Wired editor Chris Anderson sat down with Spiegel to discuss his outlook on the media world.
The first part of the interview, in which Chris refuses to use traditional terms to describe the product his business produces 24/7 365 days a year, is ridiculous.
SPIEGEL: Mr. Anderson, let’s talk about the future of journalism.
Anderson: This is going to be a very annoying interview. I don’t use the word journalism.
Um, OK. So Wired doesn’t produce journalism? What does it produce, then? In any event, other people use the word “journalism.” And Chris presumably knows what other people mean when they say “journalism.” So is it so unreasonably to inquire about the future of it?
SPIEGEL: OK, how about newspapers? They are in deep trouble both in the United States and worldwide.
Anderson: Sorry, I don’t use the word media. I don’t use the word news. I don’t think that those words mean anything anymore. They defined publishing in the 20th century. Today, they are a barrier. They are standing in our way, like a horseless carriage.
The question was about “newspapers,” not “media.” Or “news.” But thanks for sharing.
SPIEGEL: Which other words would you use?
Anderson: There are no other words. We’re in one of those strange eras where the words of the last century don’t have meaning. What does news mean to you, when the vast majority of news is created by amateurs? Is news coming from a newspaper, or a news group or a friend? I just cannot come up with a definition for those words. Here at Wired, we stopped using them.
Sorry, that’s just ridiculous. The vast majority of news may be passed on by amateurs (the same way it always has been), but it isn’t “created” by amateurs. Bloomberg, Reuters, CNN, AP, and dozens of other professional organisations create news all day long (and some of them aren’t even going out of business). If Wired refuses to use the word “news,” what does Wired call it when Wired learns something that no one knows yet that might be interesting to Wired readers? “Something that no one knows yet that might be interesting to Wired readers”? Would Chris mind if we just shortened that to “news”?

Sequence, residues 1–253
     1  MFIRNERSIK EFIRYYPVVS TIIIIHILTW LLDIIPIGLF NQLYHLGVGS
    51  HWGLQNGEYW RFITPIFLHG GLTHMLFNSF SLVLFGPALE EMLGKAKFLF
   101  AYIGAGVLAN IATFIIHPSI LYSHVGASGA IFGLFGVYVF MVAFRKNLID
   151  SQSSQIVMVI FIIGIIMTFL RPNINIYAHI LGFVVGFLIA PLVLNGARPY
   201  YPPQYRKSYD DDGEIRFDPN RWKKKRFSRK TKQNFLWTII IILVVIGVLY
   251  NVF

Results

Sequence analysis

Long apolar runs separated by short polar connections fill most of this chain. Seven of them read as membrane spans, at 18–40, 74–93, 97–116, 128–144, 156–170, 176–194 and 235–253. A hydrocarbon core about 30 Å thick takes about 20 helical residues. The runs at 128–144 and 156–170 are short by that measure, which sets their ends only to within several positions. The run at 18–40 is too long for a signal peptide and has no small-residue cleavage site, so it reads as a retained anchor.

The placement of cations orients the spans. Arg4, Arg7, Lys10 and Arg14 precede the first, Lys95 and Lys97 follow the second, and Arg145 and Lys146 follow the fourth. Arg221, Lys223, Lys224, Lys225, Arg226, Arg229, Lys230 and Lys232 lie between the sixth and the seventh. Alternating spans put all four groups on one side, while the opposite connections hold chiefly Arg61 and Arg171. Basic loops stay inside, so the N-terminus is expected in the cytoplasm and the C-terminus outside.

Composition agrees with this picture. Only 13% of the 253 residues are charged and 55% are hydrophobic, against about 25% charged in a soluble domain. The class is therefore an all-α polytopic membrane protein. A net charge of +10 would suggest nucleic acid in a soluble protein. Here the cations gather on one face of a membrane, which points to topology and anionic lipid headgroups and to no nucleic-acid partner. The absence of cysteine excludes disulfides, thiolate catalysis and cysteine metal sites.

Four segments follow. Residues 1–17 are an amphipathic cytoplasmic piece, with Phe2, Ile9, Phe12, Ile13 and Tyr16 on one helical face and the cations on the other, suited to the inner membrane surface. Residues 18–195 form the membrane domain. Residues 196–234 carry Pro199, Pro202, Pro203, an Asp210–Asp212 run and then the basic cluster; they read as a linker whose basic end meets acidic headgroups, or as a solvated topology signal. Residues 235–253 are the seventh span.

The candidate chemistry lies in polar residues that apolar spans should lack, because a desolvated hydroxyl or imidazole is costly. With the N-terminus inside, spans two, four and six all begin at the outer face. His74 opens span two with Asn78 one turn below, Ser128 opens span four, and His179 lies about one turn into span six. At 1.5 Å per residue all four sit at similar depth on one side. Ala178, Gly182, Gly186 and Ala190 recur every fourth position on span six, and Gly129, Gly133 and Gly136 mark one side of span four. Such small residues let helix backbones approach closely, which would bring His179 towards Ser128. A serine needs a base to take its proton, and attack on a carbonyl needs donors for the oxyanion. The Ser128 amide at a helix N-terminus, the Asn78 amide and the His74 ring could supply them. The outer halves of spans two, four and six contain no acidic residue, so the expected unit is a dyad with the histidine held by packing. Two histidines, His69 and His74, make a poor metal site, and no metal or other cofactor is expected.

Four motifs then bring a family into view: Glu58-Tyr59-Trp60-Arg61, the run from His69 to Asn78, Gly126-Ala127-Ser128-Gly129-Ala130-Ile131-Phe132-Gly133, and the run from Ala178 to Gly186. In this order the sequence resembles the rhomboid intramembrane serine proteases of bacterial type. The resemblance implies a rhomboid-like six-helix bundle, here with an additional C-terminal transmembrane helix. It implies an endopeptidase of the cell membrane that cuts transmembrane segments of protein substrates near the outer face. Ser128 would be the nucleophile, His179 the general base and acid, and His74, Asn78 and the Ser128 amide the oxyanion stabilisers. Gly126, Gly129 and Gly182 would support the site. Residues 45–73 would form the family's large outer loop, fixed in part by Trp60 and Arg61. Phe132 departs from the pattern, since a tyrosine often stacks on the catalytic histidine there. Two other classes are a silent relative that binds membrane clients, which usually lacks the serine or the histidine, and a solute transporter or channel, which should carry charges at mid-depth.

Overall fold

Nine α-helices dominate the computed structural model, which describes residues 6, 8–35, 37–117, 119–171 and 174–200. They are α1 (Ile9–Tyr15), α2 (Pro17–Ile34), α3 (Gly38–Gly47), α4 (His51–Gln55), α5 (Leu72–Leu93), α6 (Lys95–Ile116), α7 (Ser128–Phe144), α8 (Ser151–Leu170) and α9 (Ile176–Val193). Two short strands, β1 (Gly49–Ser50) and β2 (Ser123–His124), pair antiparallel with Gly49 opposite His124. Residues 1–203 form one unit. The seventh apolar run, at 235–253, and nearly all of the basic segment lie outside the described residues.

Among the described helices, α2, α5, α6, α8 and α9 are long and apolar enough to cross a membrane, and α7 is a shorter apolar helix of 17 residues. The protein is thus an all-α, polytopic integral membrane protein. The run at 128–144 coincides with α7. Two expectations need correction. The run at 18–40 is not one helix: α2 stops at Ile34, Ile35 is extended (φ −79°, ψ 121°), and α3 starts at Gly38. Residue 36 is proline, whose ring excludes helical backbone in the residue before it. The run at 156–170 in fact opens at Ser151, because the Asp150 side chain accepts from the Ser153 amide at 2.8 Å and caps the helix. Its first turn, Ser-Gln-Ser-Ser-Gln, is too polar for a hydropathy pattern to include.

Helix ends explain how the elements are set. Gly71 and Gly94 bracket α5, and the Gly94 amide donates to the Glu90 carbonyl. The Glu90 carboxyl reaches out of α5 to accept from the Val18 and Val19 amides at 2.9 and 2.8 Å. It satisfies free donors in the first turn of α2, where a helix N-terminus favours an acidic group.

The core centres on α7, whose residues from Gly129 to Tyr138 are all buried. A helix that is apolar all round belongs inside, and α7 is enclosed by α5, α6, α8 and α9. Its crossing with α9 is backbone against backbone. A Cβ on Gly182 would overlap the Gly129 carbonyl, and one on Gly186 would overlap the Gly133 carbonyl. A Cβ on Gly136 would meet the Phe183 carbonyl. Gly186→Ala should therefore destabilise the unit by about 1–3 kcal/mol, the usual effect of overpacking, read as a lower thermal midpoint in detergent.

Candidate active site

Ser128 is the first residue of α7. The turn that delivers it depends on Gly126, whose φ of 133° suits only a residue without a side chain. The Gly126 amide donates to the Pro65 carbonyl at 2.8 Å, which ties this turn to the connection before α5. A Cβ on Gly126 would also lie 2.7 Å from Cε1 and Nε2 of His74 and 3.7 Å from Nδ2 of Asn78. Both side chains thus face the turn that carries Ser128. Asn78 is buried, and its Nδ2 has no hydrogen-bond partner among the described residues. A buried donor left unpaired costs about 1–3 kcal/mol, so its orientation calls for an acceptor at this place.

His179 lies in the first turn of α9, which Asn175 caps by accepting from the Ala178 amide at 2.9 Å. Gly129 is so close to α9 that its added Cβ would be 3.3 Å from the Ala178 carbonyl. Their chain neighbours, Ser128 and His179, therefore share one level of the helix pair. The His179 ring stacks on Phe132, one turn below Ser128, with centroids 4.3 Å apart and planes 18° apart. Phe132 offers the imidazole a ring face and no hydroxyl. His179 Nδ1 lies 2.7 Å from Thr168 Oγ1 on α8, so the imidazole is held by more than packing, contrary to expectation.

Fortunately, as the interview goes on, Chris begins to redeem himself (and the future of Wired begins to look less bleak):
SPIEGEL: Hang on a minute. So-called citizen journalists and bloggers have changed the meaning of “media.” But without the traditional news media they wouldn’t actually have much to do. Most of the amateurs comment on what the quality press report. So did you read a newspaper this morning?
SPIEGEL: Your local newspaper, the San Francisco Chronicle, is fighting for survival. If it was to disappear tomorrow …
Anderson: … I wouldn’t notice. I don’t even know what I’d be missing.
SPIEGEL: So how do you stay informed?
Anderson: It comes to me in many ways: via Twitter, it shows up in my inbox, it shows up in my RSS base, through conversations. I don’t go out looking for it.
SPIEGEL: You just don’t care.
Anderson: No, I do care. You know, I pick my sources, and I trust my sources.
SPIEGEL: As millions upon millions trusted the classic media previously.